At the World Trade Center site, pedestrians are only now allowed to walk right up to the memorial after years of ticketing and security clearances. Neighbors objected that the long-term security plan for the site was too intrusive, but their lawsuit was dismissed. Ultimately, Greenwich Street will be restored and closed to motor vehicle through traffic — cyclists may have to dismount and walk through security stations — but there will still be spaces where pedestrians are prohibited to make room for vehicle access and drop-offs, even though the area is expected to be flooded with people.

Even without security barriers, many of the neighborhood’s streets see very light car traffic, yet push people to the margins. There are exceptions: Stone Street’s picturesque restaurant row serves as a happy hour beer garden and South Street Seaport attracts tourists and shoppers, while a block-long pedestrian plaza was installed last year at Coentis Slip. Painted additions near Bowling Green have created space for pedestrians who had been flowing off the sidewalk, but the fundamental layout of the street remains the same, with car traffic gobbling up the center.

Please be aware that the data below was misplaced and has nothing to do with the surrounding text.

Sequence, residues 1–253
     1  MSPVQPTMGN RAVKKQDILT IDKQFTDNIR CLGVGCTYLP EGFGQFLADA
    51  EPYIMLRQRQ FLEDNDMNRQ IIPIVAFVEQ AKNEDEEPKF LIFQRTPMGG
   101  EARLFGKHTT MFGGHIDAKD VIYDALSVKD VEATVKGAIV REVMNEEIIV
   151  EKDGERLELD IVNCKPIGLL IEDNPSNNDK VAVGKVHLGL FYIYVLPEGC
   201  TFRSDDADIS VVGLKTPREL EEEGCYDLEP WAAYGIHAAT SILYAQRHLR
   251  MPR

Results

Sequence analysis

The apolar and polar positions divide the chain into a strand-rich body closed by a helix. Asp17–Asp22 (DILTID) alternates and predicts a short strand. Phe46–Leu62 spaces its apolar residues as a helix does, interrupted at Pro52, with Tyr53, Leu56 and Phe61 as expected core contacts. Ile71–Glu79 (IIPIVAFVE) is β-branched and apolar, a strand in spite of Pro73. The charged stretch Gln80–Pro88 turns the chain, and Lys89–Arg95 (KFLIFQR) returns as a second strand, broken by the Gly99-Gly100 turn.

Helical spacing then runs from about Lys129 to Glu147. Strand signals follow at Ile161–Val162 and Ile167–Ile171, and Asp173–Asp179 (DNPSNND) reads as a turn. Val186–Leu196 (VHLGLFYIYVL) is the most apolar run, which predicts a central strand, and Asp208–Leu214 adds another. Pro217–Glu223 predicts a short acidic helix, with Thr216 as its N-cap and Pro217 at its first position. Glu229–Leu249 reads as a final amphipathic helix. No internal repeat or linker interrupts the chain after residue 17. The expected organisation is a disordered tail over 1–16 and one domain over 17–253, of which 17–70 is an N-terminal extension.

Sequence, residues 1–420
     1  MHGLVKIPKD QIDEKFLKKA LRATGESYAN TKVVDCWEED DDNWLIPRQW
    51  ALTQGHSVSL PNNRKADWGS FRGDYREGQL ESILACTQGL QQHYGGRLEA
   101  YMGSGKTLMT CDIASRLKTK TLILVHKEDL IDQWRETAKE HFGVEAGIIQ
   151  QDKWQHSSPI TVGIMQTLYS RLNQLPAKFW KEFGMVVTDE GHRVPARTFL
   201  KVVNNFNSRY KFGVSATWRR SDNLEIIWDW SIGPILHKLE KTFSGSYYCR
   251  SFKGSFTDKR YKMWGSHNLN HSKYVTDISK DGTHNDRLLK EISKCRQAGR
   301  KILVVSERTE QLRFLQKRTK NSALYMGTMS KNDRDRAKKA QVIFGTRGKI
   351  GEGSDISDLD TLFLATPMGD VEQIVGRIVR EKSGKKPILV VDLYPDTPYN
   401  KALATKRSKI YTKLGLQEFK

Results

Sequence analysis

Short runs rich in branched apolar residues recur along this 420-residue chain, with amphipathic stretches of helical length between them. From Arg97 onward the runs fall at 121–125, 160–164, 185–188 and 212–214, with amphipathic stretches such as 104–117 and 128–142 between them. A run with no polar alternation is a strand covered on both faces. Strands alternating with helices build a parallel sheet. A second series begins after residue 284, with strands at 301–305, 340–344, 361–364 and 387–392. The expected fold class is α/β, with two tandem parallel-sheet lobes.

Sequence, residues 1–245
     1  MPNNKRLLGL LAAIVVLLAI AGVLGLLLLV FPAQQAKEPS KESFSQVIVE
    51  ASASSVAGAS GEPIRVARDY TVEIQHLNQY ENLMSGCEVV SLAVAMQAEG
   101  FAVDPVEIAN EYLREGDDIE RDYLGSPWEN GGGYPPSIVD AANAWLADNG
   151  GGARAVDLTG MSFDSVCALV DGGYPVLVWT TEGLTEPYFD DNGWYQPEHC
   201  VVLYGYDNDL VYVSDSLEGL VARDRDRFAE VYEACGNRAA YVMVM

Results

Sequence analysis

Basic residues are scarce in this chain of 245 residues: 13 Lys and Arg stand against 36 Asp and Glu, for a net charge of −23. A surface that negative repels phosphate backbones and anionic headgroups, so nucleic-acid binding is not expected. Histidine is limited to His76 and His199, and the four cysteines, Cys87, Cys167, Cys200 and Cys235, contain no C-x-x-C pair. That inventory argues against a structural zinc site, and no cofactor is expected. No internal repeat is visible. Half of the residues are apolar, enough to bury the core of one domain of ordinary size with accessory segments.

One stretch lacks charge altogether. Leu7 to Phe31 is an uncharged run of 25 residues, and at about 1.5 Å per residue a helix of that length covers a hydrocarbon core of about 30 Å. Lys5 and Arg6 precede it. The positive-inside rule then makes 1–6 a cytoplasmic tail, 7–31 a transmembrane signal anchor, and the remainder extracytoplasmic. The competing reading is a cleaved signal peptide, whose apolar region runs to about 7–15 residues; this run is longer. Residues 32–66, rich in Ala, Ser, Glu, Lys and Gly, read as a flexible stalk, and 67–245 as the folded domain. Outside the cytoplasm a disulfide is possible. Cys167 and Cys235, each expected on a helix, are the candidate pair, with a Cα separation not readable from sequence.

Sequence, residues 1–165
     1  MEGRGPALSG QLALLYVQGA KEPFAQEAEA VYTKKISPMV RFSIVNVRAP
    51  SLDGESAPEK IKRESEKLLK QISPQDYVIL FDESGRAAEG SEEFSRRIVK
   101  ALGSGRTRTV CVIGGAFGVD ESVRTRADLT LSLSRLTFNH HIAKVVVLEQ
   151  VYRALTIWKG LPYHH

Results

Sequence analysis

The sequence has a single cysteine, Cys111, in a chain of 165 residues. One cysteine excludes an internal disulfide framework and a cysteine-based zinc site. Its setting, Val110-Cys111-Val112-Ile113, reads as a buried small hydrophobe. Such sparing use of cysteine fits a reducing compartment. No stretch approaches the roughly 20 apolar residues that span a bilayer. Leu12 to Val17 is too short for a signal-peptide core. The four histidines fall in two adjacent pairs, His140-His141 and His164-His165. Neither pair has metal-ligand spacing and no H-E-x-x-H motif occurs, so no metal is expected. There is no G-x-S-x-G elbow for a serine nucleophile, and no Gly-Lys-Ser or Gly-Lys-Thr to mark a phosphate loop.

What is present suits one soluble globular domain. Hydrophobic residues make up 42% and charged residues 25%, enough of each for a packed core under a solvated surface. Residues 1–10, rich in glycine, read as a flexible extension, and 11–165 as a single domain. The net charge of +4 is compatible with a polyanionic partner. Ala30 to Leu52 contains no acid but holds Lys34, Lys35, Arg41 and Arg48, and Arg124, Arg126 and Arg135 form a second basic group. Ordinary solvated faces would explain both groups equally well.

Before 2001, sections of Fulton and Nassau Streets were pedestrian-only during parts of the day. A 1997 Department of City Planning report on pedestrianization in Lower Manhattan [PDF] documented the success of that arrangement. “Pedestrian volumes are high and narrow sidewalks contribute to failing levels-of-service,” the report said. “The pedestrian mall attracts high midday pedestrian volumes.”

Many NYC streets are already variations on shared space, even if it's not yet part of DOT's standard toolbox. From left: Gansevoort Plaza, Greene Street, and Wall Street. Photos, from left: Stefan Klaas, Dan Nguyen, and Ricky Cain via Flickr
Many downtown NYC streets are already variations on shared space. From left: Gansevoort Plaza, Greene Street, and Wall Street. Photos, from left: Stefan Klaas, Dan Nguyen, and Ricky Cain via Flickr